Hawaii Researcher Builds App for Yellowstone

nps-geysers-app-1An award-winning researcher who recently joined the University of Hawaii has created a mobile app that can predict eruptions and notifies users so they can be prepared for them. But the eruptions in question are made of water, not lava, as the app was built for Yellowstone National Park in Wyoming.

Volcanic eruptions like those seen in Hawaii are notoriously unpredictable, a fact well illustrated by the constantly shifting situation in Puna on the Big Island. So perhaps that’s why Brett Oppegaard, a new assistant professor in the UH communications department, focused on Old Faithful, one of the most predictable geographical features on earth.

Old Faithful erupts every 91 minutes or so, and people have been able to predict when the geyser will go off for nearly two centuries. And Old Faithful is just one of several Yellowstone geysers that erupt on a regular schedule.

Oppegard, who is a social scientist rather than a geologist, has been studying “ubiquitous computing.” With the explosive popularity of smartphones, an app seemed like an ideal platform to explore the relationship between people and technology.

Although the NPS Geysers app (available for iOS and for Android) has a clear practical use for people visiting Yellowstone, Oppegaard was more interested in the concept of what he called “Old Faithful Time.” After all, much of what people did at Yellowstone revolved around Old Faithful’s eruptions rather than standard units of hours or minutes.

In the same way modern man has divided up time into units based on the Earth’s rotation on its axis (sunrise and sunset) and its orbit around the sun (seasons), couldn’t “Old Faithful Time” form the basis of a community’s schedule?

“That shifting of a community to ‘Old Faithful Time’ is fascinating, and represented in many analog forms at the park, such as on white boards, and on hand-spun clocks,” Oppegaard said today. “We wanted to start building our research project on the idea that Old Faithful time reflects a new way of looking at the world.”

Indeed, people far removed from Yellowstone could find themselves in sync with ‘Old Faithful Time’ thanks to the app. And since the app features a live video feed of the park’s main geysers, users around the world could be notified of an impending eruption and tune in to watch the spectacle along with the people in the park.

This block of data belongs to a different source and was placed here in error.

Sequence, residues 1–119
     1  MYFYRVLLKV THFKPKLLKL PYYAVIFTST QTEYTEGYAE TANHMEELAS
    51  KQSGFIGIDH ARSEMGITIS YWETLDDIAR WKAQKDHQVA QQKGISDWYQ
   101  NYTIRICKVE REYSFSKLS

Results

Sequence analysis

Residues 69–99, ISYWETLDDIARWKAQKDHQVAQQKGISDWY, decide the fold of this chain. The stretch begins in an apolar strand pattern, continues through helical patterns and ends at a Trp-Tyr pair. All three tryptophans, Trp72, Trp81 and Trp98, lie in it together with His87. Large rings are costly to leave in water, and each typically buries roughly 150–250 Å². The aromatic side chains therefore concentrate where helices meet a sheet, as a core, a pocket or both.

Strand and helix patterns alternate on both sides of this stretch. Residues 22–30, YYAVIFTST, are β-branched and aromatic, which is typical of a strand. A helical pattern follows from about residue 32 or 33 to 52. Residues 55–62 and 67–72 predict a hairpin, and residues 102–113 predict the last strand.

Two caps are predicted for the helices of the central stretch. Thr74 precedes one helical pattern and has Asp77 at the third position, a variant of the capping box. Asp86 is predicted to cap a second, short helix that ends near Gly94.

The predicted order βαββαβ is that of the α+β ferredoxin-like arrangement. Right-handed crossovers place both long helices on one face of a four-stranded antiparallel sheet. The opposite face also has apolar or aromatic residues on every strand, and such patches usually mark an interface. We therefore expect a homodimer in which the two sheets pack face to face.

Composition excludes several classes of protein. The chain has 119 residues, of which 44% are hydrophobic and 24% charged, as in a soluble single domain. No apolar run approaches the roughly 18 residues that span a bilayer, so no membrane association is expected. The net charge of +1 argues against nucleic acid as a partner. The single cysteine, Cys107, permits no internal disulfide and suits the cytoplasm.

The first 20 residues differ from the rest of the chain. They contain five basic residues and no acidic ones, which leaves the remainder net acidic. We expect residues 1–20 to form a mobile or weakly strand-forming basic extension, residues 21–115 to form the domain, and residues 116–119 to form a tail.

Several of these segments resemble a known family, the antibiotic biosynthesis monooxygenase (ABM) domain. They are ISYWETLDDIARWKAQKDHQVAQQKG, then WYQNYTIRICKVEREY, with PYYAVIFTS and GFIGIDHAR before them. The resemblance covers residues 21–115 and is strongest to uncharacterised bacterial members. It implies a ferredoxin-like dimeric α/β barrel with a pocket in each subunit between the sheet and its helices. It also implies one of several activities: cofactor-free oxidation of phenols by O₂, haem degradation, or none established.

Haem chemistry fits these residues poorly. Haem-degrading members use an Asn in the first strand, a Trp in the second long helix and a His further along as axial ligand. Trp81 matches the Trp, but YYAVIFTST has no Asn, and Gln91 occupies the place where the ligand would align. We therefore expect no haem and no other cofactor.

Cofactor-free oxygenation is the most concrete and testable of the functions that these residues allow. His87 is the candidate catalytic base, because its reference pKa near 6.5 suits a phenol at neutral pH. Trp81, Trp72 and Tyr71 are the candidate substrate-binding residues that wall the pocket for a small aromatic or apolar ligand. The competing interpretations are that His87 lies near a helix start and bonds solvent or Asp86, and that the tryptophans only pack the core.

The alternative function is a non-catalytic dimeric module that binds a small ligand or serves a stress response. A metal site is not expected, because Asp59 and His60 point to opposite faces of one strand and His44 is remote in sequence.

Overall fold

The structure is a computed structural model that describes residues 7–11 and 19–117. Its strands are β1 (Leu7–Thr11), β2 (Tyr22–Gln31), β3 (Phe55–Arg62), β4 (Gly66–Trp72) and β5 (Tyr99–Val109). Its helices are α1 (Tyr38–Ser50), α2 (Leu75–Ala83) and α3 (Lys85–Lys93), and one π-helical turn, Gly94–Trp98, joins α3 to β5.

“Even the person just sitting at a desk in some cubicle maze somewhere can… join the real-time party of people around the globe enjoying this majesty of nature,” Oppegaard said. “These eruptions are fun to watch, and they bring people together.”

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The NPS Geysers app is actually the first official, sanctioned National Park Service app available for Yellowstone, and offers a lot to park visitors. It aggregates the park’s social media feeds from Twitter, Flickr and YouTube, providing easy access to up-to-date park news and media, including photos and videos. And future updates will add more interactivity, including educational games.

Oppegaard has a record of innovation when it comes to combining social science with technology. Before joining the UH School of Communications last year, he built the first interpretive app for the National Park Service. That app was for Fort Vancouver in Washington State, and the project won the Washington State Department of Archaeology and Historic Preservation’s Outstanding Achievement in the Media award as well as the John Wesley Powell Prize for outstanding achievement in historical displays from the Society for History in the Federal Government.

Now that Oppegaard is at UH, I’m wondering if he might apply his talents to the national parks in Hawaii, or other historical projects. I also found his blog, where he said he hopes to “give people more information about what life in Hawaii (and at UH) is really like.”

“I’ve basically only been able to find obvious PR sites about tourism, or blogs/rants from cranks who have left and are complaining about it,” he notes. “In fact, I have been very surprised about the lack of information easily accessible on this issue, so I hope I can provide some new and fresh ideas to those either in a similar situation as mine, or considering a move to Oahu.”

Though perhaps not quite as prestigious as an app for a national park, his perspective on island life is also something I hope he puts out there.

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